John M. Robinson, the Chief Diversity Officer at the U.S. Department of State, wants America’s diplomats to know that common phrases and idioms like “holding down the fort” are, in fact, deeply racist.
Robinson, who also serves as director of the Department’s Office of Civil Rights, used his “Diversity Notes” feature in the July/August issue of the official “State Magazine” to examine the hateful roots of everyday sayings. In one recent public relations kerfuffle at Nike, Inc., he wrote, the company torpedoed a sneaker called the “Black and Tan.”
“What a wonderful celebratory gesture and appreciation for Irish culture. Not!” wrote Robinson, an adult.
Robinson notes that “Black and Tan,” in addition to being an enjoyably robust alcoholic concoction, can refer to the brutal Protestant militiamen who ravaged the Irish countryside in the early 20th century — which is why Irish bartenders always get so upset when you order one.
In an effort to avoid offending those notoriously fragile Irish sensibilities, Nike pulled the shoe from stores.
Robinson would like us all to learn from the sneaker company’s inadvertent racism and really start watching what we say. For example, did you know “going Dutch” is a reference to Netherlanders’ apparently well-known parsimoniousness, and that your widowed neighbor, sweet old Mrs. Rasmussen, cries every time she hears you use it?
And did you know using the phrase “holding down the fort” is the linguistic equivalent of scalping a Cherokee? According to Robinson, the phrase dates back to American soldiers on the western frontier who wanted to “hold down” all that land they stole.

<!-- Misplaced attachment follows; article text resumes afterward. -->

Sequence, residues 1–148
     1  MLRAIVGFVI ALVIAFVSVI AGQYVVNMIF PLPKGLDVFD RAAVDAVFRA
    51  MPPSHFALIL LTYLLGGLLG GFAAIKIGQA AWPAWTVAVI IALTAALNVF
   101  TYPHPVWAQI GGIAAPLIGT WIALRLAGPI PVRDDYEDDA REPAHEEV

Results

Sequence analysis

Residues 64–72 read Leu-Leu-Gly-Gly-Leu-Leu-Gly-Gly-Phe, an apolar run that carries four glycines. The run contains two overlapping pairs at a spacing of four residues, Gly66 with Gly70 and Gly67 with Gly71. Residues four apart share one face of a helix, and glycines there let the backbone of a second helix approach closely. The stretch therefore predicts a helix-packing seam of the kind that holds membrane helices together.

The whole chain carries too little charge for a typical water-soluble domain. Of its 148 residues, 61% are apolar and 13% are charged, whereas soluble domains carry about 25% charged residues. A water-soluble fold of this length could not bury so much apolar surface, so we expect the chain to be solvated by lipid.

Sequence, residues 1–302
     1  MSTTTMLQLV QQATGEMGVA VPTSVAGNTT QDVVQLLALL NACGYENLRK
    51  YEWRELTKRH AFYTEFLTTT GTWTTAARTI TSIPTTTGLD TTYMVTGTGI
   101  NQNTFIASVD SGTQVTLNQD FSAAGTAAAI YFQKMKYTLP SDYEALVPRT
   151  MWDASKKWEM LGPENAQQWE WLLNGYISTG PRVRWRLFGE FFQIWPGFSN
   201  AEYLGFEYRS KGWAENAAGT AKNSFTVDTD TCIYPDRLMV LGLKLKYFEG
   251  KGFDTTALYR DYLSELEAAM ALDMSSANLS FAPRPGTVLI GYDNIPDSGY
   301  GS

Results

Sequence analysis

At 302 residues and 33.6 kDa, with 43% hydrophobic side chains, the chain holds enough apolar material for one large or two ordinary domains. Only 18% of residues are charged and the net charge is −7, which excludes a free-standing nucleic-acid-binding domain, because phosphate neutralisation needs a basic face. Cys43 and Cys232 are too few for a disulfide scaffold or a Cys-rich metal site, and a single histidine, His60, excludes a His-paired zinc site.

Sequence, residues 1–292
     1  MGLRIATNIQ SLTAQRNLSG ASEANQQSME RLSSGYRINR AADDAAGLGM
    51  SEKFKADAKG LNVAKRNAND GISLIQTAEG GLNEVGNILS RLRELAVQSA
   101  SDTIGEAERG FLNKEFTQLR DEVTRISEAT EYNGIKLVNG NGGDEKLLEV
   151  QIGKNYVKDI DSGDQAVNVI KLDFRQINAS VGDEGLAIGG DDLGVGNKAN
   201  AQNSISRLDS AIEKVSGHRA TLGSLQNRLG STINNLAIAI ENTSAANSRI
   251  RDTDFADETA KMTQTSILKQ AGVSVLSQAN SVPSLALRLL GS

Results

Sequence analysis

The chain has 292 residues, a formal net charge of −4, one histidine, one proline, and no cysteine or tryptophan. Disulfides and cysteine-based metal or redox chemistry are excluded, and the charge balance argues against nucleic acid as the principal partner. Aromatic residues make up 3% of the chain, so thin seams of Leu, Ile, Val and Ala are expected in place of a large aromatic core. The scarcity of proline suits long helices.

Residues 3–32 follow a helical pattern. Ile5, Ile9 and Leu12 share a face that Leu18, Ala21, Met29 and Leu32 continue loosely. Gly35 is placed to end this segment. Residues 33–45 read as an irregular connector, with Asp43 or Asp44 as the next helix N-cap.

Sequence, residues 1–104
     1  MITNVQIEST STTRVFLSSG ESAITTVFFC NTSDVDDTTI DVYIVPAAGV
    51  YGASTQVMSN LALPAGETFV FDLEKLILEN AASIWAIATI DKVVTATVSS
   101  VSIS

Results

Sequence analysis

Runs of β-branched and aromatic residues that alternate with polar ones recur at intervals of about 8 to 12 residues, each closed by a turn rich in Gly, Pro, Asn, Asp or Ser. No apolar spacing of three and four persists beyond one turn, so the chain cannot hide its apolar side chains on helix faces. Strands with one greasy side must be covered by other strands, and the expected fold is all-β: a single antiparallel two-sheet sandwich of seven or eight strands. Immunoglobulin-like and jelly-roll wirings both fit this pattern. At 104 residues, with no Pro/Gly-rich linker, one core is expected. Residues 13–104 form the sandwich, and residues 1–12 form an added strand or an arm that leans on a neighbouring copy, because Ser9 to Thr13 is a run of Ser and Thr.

“Handicap” and “rule of thumb” are two more figures of speech that Robsinon, in his wisdom, has decreed offensive. The latter, Robinson says, refers to the width of a stick a man could once use to legally beat his wife.
And in case you’re wondering how he could have done all the etymological detective work necessary to conclude that these phrases came from where he says they came from, and still have time to perform his Chief Diversity Officer duties at the State Department, wonder no more: Robinson doesn’t really know if any of this is true.
“Much has been written about whether the etymologies below are true or merely folklore, but this isn’t about their historical validity,” Robinson writes. “[I]nstead, it is an opportunity to remember that our choice of wording affects our professional environment.”
Duly noted, Mr. Robinson.
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